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Old 22 January 2002, 22:17
ch0ker ch0ker is offline
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check SF article, "Karzai, A Team turned tide of war" at washtimes.com...nm

.
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  #2  
Old 28 May 2015, 12:15
WGH0922 WGH0922 is offline
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It appears that LtCol Amerine, mentioned in the above article (link attached) is being investigated. "I have been under criminal investigation for the last four months for whistleblowing to Congress over our completely dysfunctional system for recovering hostages,” Col. Amerine said.

The .gov excoriates Snowden for not "whistle blowing" to Congress and now Big Army/DOD is conducting a criminal investigation to LtCol Amerine for doing just that. What a clusterfuck.

http://www.washingtontimes.com/news/...-035005-7075r/

http://www.washingtontimes.com/news/...on-a/?page=all
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Old 28 May 2015, 23:33
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Purple36 Purple36 is offline
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I met with Jason a few years ago in Hawaii for work and this just infuriates me...if what this article states is true, it's completely messed up. Just how do you investigate someone for working with U.S. lawmakers to benefit US hostages? Makes me ashamed of the Army.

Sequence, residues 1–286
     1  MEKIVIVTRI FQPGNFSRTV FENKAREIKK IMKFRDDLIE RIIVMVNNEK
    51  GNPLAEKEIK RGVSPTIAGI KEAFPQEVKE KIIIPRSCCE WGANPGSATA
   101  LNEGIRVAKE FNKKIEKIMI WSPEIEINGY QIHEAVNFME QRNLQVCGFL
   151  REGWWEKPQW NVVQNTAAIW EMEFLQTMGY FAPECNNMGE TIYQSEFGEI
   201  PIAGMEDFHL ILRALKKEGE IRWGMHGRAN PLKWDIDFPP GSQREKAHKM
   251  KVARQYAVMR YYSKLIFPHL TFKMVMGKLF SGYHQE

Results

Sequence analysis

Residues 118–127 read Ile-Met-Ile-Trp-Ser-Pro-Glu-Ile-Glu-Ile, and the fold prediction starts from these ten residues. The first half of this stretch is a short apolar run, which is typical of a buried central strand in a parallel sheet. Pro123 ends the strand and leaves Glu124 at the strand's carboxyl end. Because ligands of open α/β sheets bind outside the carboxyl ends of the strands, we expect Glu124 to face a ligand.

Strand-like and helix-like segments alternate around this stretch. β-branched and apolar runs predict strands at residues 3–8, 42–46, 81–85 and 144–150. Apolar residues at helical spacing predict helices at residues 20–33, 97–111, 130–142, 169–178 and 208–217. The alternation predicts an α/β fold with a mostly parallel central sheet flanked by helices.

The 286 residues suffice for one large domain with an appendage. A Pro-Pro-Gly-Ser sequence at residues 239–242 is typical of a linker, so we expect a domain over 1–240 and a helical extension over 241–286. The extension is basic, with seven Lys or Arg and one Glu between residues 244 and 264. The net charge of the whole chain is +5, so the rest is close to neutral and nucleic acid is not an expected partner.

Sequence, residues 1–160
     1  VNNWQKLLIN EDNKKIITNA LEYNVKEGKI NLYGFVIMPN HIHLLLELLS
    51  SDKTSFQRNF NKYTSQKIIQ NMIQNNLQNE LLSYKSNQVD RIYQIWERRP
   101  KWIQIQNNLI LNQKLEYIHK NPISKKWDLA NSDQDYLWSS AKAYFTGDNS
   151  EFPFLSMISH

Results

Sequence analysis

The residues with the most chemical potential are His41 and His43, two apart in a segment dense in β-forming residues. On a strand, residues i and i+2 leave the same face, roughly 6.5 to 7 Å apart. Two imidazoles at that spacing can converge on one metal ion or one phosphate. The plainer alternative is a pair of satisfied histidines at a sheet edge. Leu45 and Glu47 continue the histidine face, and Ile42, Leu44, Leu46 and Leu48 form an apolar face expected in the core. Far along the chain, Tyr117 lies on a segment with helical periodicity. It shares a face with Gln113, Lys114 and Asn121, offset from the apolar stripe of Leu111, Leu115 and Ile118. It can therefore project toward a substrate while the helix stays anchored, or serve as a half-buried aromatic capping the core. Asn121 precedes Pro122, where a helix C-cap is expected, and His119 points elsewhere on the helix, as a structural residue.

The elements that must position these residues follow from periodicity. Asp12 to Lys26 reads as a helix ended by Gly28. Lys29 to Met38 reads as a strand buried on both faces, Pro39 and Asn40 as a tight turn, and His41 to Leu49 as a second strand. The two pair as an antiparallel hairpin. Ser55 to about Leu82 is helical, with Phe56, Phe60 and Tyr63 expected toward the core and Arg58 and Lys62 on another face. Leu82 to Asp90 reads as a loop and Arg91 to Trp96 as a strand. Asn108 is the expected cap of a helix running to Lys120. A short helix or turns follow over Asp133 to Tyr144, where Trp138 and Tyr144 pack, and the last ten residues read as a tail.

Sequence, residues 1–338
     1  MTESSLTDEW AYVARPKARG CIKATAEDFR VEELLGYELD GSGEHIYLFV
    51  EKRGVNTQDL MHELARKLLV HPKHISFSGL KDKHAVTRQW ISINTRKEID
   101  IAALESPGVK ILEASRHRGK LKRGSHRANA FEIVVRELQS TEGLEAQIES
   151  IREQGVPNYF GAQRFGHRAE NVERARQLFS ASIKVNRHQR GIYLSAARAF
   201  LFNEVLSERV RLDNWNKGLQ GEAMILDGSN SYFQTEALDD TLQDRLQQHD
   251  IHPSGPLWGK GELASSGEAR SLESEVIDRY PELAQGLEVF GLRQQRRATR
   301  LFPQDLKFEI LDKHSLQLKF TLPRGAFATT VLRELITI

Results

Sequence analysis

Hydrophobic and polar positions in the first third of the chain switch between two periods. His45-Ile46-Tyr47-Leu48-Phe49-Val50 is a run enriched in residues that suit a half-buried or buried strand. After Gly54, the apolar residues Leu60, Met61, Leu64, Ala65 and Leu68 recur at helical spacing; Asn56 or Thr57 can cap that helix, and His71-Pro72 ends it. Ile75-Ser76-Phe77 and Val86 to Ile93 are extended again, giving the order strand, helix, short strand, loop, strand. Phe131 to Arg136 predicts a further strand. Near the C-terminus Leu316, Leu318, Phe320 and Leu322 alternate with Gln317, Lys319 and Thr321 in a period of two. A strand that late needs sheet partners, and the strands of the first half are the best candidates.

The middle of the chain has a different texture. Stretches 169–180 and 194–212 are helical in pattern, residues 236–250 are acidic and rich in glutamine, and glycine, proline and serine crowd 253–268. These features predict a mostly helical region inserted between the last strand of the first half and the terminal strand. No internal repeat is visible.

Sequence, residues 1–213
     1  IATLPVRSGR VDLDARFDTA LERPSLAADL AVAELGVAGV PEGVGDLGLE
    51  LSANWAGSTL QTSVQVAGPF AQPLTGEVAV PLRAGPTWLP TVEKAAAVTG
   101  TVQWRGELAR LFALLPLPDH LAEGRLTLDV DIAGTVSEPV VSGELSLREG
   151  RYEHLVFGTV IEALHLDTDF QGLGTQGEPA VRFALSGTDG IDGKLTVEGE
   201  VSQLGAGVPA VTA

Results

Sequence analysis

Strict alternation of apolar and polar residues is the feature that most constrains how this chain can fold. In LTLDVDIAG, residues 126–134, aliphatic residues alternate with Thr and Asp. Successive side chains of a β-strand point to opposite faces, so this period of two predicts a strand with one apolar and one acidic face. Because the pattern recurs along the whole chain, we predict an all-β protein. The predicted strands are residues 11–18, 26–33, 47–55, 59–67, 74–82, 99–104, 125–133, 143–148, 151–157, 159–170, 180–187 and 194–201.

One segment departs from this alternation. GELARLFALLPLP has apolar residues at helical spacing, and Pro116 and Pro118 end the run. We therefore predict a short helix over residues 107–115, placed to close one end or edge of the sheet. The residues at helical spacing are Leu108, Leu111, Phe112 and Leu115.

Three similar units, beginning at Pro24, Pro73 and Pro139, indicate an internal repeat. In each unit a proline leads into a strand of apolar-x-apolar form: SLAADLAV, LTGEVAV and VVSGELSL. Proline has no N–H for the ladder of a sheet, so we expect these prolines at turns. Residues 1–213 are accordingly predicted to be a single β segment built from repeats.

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Old 2 September 2015, 14:39
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ricardo ricardo is offline
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http://www.newsweek.com/2015/09/11/j...an-367787.html

This was interesting article about Jason Amerine but I don't understand why a soldier doing his job becomes a political battle between government agencies.

the guy was doing good work for the US and following his orders.

Quote:
Amerine’s team at the Pentagon began by conducting a thorough audit. “The reason the effort failed for four years,” he told the Senate in June, “was because our nation lacked an organization that can synchronize the effort of all our government agencies to get our hostages home.” His team “also realized that there were civilian hostages in Pakistan that nobody was trying to free, so we added them to our mission.”

That last point was a not-so-subtle jab. Amerine’s “nobody” was and is the FBI, the agency responsible for U.S. citizens kidnapped abroad. His Army team had access to a vast human intelligence network the military had spent more than a decade assembling in central Asia, in countries where the FBI had little reach. He wasn’t convinced the bureau was making progress, so he added the civilian cases, including two Canadians, to his recovery mission.
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